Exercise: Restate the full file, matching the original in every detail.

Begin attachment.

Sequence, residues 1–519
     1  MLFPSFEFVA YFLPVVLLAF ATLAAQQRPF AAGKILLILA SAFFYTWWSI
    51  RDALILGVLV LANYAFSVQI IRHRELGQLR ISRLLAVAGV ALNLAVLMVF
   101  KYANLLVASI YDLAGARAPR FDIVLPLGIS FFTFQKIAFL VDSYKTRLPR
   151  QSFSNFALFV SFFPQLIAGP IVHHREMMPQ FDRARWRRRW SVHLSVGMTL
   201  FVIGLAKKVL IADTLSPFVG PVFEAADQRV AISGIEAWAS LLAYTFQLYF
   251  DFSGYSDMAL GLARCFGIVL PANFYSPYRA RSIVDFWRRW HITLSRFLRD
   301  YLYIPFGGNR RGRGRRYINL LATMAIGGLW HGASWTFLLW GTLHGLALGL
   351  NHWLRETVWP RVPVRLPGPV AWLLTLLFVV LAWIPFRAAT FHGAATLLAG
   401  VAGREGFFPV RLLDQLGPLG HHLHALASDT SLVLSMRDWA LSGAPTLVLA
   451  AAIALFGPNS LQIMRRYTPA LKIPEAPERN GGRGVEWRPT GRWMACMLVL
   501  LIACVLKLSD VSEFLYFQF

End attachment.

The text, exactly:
Sequence, residues 1–519
     1  MLFPSFEFVA YFLPVVLLAF ATLAAQQRPF AAGKILLILA SAFFYTWWSI
    51  RDALILGVLV LANYAFSVQI IRHRELGQLR ISRLLAVAGV ALNLAVLMVF
   101  KYANLLVASI YDLAGARAPR FDIVLPLGIS FFTFQKIAFL VDSYKTRLPR
   151  QSFSNFALFV SFFPQLIAGP IVHHREMMPQ FDRARWRRRW SVHLSVGMTL
   201  FVIGLAKKVL IADTLSPFVG PVFEAADQRV AISGIEAWAS LLAYTFQLYF
   251  DFSGYSDMAL GLARCFGIVL PANFYSPYRA RSIVDFWRRW HITLSRFLRD
   301  YLYIPFGGNR RGRGRRYINL LATMAIGGLW HGASWTFLLW GTLHGLALGL
   351  NHWLRETVWP RVPVRLPGPV AWLLTLLFVV LAWIPFRAAT FHGAATLLAG
   401  VAGREGFFPV RLLDQLGPLG HHLHALASDT SLVLSMRDWA LSGAPTLVLA
   451  AAIALFGPNS LQIMRRYTPA LKIPEAPERN GGRGVEWRPT GRWMACMLVL
   501  LIACVLKLSD VSEFLYFQF